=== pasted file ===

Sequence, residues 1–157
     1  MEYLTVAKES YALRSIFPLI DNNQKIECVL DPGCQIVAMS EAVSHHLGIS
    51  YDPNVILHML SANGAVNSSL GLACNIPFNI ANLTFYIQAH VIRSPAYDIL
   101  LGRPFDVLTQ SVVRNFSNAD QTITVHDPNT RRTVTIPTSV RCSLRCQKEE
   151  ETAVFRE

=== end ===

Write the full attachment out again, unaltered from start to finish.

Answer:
Sequence, residues 1–157
     1  MEYLTVAKES YALRSIFPLI DNNQKIECVL DPGCQIVAMS EAVSHHLGIS
    51  YDPNVILHML SANGAVNSSL GLACNIPFNI ANLTFYIQAH VIRSPAYDIL
   101  LGRPFDVLTQ SVVRNFSNAD QTITVHDPNT RRTVTIPTSV RCSLRCQKEE
   151  ETAVFRE